Leading during crisis: Notable quotes and qualities from Experience Makers Live

by Zach Baumgarten

posted 08-19-2020

It takes steady leadership to keep a business afloat when the waters are choppy.

“Anyone can steer the ship when the sea is calm,” said Scott Monty, CEO of Scott Monty Strategies, calling on a quote from ancient Latin writer Publilius Syrus, at Adobe’s Experience Maker Live event late last month.

But as we all know, the current business landscape is anything but. In his session, titled “What we look for from executives in a crisis,” Monty outlined six attributes leaders must possess to navigate and lead their teams through times of crisis – all supported by words of wisdom.

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Attribute 1: Courage

Monty kicked off with a quote from American writer Maya Angelou: “Courage is the most important of all the virtues because without courage you can’t practice any other virtue consistently.”

Given the current state of racial, political, and social tensions, many business leaders face the challenge of having the courage to speak out for what they believe is right and not be afraid of backlash. This means the courage to say something from the heart and not with a generic public relations statement.

Monty pointed to Mark Mason, the CFO of Citi, for a blog post he wrote about the death of George Floyd and the Black Lives Matter movement. Mason could have “gone on with business as usual,” Monty stated, but instead he courageously opened up about his own experiences as a Black American.

Attribute 2: Resilience

In the same vein as Winston Churchill’s quote, “Success consists of going from failure to failure without loss of enthusiasm,” Monty said, “It’s what you do from the failure that’s important.”

Monty cited Greg Shugar, CEO of Beau Ties Ltd. of Vermont, for excelling in a time of adversity. As the COVID-19 pandemic forced Americans to quarantine in their homes, it became clear that dressing up in a suit and tie was no longer relevant. As a result, Shugar refocused his business on making masks and continued to bring in revenue.

Attribute 3: Generosity

Monty mentioned Fred Rogers (a.k.a. Mr. Rogers) for his “ability to give without the undo thought of gain,” adding that this quality is necessary in a mutual caring relationship. True generosity, Monty said, is when leaders do the right thing simply because it is right and not to gain something in return.

He pointed to Airbnb CEO Brain Chesky, who in May laid off around 2,000 workers due to the pandemic’s impact on the travel industry. Chesky tweeted a link to a website showcasing them and their specified talents as a way to help them gain new employment. Chesky’s actions showed that “this is a CEO that … clearly wanted to do the right thing, and he showed generosity in doing so,” Monty said.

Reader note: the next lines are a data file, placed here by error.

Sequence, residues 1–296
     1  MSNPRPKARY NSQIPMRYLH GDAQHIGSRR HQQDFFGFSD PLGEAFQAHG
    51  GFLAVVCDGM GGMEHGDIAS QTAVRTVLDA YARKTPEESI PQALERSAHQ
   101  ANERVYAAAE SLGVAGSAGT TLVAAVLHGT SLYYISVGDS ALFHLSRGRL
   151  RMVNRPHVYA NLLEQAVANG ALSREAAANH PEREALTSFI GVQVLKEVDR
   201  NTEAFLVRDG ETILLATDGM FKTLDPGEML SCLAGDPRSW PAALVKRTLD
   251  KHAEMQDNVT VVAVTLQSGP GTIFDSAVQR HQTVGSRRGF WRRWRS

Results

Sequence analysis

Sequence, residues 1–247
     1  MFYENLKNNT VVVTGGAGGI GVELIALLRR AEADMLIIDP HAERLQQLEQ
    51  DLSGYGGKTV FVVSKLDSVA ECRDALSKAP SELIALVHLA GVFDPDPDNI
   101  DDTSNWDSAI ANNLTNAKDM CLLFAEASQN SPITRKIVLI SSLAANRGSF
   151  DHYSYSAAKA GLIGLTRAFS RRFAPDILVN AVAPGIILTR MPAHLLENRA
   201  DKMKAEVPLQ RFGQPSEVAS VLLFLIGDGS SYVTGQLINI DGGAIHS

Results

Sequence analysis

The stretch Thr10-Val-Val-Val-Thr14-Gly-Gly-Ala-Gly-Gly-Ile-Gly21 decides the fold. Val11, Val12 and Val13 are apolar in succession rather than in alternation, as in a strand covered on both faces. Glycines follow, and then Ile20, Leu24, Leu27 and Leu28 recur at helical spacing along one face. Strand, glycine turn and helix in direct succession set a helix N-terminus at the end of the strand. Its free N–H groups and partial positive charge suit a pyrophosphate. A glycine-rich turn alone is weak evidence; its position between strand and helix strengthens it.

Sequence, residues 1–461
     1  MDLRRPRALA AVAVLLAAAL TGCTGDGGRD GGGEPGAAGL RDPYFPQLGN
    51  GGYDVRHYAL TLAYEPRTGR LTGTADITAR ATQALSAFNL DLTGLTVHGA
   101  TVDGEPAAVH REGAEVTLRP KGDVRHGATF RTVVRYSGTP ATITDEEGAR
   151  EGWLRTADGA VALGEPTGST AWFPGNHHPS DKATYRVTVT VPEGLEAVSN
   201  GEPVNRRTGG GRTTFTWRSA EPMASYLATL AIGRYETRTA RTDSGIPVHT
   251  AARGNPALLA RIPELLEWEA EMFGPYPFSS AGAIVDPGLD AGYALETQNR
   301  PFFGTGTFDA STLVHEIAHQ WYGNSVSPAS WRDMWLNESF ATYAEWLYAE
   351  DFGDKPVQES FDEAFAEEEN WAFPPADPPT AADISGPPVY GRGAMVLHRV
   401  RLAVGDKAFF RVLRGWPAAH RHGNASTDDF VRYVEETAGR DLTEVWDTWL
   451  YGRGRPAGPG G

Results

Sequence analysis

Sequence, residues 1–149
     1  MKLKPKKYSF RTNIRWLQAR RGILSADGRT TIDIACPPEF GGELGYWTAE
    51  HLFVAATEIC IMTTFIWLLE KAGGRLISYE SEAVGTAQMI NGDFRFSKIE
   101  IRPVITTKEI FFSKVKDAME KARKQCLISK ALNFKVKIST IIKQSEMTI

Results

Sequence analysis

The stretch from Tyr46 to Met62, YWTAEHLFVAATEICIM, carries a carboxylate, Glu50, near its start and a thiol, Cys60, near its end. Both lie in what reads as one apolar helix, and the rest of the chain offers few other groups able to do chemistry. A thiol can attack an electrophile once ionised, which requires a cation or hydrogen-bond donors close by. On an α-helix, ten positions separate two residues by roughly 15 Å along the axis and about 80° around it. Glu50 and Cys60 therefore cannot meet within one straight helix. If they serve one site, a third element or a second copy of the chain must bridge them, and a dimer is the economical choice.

Attribute 4: Transparency

Monty called up a quote from ancient philosopher Pliny the Elder – “What is there that doesn’t appear marvelous when it comes to our knowledge for the first time?” – to highlight the importance of transparency. He argued that “leaders that show transparency show a high degree of confidence in their work and in doing so create a sense of trust among people.”

Arne Sorenson, CEO of Marriott, exemplified transparency by deciding to publicize his chemotherapy treatment and allowing people to see him without his hair, Monty said. Not only was this move courageous, but the transparency signified “that what Marriott was doing was in the best interest of the employees and customers,” he said.

Attribute 5: Integrity

Echoing Martin Luther King Jr.’s quote, “The time is always right to do what is right,” Morty said integrity is simply “doing the right thing even when no one is looking.”

Nike and its 2018 partnership with NFL quarterback Colin Kaepernick exemplifies integrity, Monty said. At the time, NFL owners were unwilling to sign Kaepernick to a contract after he knelt for the national anthem, and the league faced public backlash for the national anthem protests. However, Nike decided to take a risk, which showed “integrity on their part,” Monty stated. “They’re [not] doing this to seek fame or jump on the latest trend; they’re doing it because it’s the right thing to do.”

Attribute 6: Empathy

Monty talked about Queen Elizabeth II and her recent address to British citizens regarding COVID-19. During her speech, the Queen referred back to her first public address in 1940, when she was forced to move to the countryside during the midst of World War II. By referencing a time period characterized by similar feelings of fear and anxiety, Queen Elizabeth II “showed a sense of empathy with her fellow Britains by understanding the resilience they needed to demonstrate and how they all needed to get through this together,” Monty said.

In closing his session, Monty highlighted a quote from the book Leadership in Turbulent Times, by Doris Kearns Goodwin: “A leader’s strength ultimately depends on the strength of his bond with the people.” According to Monty, a leader’s bond with employees is dependent on “respect, reliability, and trust,” which must be maintained “in the calm times as well as in the stormy time.”

Topics: COVID-19, Customer Stories, Leadership, Experience Cloud